A mezzanine loan has characteristically higher interest rates than more traditional loans, precisely because it isn’t backed by property collateral. In fact, it is a sort of “makeshift” loan, in that both equity financing and debt financing comprise it – with the added benefit that the loan amount is usually greater than what is feasible with a conventional loan. Let us dial down mezzanine financing to the basics:

What Does Mezzanine Financing Entail?

One of the primary benefits to the mezzanine variant is the ability (in some cases, at least) to forego interest payments currently; the interest is simply fused with the loan principle. Clearly, this can be quite advantageous to businesses in need of working capital and positive cash flow stats. Note that the one exception to this attribute is the case of senior debt; the interest payments on this are due at the regular appointed time.

Another positive is that the interest on mezzanine loans is tax-deductible. This coincides with the fact that the debt incurred is regarded by the IRS as equity instead of cash or cash-equivalents. An extension of this reality is that the business can avoid loan refinancing and use the mezzanine loan to extract equity out of the company, itself.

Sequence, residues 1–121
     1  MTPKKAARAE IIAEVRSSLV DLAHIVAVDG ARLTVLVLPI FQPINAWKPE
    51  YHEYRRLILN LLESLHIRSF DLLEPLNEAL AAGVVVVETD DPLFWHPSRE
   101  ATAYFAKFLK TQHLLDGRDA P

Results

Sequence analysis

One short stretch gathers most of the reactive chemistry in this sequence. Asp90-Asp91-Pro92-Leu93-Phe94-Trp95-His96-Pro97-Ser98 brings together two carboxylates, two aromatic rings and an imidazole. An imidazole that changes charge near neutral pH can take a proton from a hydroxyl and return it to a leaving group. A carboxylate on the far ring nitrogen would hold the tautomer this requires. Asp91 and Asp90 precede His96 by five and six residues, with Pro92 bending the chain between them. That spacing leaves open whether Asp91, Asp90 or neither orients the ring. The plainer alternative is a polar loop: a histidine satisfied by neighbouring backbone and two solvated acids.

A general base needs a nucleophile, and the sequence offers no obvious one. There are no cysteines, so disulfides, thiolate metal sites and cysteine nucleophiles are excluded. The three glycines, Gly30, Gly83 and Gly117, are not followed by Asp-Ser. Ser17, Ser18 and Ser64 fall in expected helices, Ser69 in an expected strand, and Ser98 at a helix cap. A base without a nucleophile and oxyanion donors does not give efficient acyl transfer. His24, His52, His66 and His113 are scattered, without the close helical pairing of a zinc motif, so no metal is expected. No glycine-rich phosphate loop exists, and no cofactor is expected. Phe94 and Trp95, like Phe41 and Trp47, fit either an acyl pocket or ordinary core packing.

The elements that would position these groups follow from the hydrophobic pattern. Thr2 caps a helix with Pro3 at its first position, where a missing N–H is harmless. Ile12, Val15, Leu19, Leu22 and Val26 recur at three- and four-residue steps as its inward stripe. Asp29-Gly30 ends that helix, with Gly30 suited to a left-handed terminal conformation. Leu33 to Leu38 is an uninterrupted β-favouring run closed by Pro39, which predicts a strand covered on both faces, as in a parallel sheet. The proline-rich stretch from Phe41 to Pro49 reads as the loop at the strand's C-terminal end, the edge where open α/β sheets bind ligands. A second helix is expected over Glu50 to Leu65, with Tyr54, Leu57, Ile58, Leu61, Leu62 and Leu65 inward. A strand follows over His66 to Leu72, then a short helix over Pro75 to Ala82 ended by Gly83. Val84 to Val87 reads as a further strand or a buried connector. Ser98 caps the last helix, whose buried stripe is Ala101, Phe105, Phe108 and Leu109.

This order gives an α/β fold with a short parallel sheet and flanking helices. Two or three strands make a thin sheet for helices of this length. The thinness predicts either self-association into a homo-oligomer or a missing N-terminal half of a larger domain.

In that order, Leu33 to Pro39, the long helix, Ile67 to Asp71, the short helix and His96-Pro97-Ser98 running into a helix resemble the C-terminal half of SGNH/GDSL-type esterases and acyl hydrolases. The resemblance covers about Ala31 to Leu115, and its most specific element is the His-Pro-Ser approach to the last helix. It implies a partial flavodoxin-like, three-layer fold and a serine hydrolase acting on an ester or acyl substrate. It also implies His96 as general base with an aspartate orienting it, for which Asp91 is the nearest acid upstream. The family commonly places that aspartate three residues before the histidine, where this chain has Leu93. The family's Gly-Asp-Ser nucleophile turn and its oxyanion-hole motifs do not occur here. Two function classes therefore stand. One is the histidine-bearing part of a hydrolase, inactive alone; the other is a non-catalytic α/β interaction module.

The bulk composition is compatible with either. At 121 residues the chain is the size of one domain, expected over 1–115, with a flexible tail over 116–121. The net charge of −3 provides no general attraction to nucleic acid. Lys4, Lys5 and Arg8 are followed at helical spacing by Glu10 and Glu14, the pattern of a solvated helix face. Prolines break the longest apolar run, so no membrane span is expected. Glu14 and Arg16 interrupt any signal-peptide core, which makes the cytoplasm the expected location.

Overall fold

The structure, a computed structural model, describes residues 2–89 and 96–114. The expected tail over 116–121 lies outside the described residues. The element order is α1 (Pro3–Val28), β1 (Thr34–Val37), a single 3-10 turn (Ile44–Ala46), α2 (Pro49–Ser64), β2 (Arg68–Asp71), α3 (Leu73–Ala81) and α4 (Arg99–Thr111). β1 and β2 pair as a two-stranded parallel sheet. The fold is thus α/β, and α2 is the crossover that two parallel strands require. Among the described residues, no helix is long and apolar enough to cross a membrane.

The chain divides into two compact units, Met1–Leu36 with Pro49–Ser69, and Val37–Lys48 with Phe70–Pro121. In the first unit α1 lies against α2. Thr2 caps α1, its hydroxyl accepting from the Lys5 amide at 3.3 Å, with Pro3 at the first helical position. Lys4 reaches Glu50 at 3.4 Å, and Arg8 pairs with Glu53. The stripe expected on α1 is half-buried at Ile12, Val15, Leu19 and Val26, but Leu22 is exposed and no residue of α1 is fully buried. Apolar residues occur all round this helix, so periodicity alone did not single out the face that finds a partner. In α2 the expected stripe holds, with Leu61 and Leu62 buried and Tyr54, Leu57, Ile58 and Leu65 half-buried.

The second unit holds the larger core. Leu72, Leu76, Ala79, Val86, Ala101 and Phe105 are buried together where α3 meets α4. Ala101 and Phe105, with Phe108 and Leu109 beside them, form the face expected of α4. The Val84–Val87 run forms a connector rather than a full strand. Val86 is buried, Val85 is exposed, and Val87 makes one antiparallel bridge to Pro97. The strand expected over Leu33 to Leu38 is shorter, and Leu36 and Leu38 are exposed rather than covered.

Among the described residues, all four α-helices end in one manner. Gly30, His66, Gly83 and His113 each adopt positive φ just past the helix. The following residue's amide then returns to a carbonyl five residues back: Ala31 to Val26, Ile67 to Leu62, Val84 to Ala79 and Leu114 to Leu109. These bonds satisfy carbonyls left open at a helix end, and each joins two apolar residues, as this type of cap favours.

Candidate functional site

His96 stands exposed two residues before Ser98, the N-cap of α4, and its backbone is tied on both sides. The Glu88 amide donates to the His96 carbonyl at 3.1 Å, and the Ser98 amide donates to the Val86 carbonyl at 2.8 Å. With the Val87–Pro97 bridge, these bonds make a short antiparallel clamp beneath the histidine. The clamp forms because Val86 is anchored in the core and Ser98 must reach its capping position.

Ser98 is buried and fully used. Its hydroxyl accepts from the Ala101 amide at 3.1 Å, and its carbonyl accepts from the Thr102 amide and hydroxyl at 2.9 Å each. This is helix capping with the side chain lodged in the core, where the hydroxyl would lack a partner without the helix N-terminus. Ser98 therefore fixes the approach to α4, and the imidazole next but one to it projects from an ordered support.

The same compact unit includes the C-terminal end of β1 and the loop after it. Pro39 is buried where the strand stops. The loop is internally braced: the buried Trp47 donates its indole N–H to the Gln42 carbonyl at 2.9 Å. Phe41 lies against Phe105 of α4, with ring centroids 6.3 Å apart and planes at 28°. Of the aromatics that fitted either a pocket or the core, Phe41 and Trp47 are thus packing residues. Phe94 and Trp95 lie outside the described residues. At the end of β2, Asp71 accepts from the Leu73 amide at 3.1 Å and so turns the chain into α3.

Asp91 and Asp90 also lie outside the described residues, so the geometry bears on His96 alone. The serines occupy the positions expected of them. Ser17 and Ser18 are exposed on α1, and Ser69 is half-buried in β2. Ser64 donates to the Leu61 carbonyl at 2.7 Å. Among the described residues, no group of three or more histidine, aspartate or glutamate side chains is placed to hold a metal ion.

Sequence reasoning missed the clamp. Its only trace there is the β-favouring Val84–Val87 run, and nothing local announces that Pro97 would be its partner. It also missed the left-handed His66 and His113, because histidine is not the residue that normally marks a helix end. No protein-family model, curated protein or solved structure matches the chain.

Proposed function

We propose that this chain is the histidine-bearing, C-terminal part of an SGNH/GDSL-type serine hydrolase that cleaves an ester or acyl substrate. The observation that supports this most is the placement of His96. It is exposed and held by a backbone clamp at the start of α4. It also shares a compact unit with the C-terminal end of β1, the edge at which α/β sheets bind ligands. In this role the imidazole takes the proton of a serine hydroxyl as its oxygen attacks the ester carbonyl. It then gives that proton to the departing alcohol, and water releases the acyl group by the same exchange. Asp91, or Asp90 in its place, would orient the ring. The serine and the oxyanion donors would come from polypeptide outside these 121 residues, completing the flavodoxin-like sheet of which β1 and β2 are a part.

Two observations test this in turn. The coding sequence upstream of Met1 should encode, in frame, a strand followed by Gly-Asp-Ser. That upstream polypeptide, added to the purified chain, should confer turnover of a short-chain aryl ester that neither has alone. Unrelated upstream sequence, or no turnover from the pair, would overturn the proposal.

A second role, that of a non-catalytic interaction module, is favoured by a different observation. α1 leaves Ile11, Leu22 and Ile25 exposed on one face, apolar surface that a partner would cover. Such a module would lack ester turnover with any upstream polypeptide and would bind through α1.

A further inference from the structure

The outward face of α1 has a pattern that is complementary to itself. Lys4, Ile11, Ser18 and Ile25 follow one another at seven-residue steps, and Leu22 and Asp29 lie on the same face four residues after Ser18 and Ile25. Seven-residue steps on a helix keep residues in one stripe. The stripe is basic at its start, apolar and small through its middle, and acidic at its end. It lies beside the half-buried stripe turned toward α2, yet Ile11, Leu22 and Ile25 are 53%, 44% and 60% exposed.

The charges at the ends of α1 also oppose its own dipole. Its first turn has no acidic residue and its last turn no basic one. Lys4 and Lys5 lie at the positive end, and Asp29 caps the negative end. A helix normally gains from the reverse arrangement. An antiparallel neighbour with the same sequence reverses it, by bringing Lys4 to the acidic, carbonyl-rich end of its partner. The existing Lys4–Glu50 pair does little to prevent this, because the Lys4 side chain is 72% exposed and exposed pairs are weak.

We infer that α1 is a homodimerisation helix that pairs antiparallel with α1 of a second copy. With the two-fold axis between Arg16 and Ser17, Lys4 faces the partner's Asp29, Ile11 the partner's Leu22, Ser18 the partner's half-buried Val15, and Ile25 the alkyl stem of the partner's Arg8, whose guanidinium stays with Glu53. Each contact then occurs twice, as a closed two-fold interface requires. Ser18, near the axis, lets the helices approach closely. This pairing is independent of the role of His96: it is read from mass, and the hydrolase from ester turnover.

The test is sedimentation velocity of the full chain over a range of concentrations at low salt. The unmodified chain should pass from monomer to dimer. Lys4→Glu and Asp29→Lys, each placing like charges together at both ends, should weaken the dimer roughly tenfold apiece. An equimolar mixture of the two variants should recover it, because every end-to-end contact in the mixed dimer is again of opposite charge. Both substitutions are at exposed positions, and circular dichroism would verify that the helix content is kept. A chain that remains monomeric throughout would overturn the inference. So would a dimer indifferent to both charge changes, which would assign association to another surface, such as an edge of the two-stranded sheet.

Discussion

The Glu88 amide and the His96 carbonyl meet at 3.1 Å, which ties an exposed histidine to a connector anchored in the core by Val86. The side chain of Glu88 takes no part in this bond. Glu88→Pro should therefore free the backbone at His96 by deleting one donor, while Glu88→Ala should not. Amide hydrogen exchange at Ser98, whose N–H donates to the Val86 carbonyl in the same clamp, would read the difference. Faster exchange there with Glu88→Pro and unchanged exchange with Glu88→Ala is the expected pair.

Lastly, let’s say that you have a business that is looking for ways to grow rapidly. A conventional method would be to provide equity to angel investors, for example; however, sometimes giving up equity runs counter to long-term company plans. In these cases, it may be possible to refinance the mezzanine loan for which you opted, along with senior debt, into a consolidated debt in the future when interest rates are presumably lower.

Mezzanine financing tends to be more complicated than traditional loan types, and it is best that you consult with financial experts before opting for one. Here at Capital Finance Partners, we have experts with collective decades of experience in the broad spectrum of financial topics; contact us today.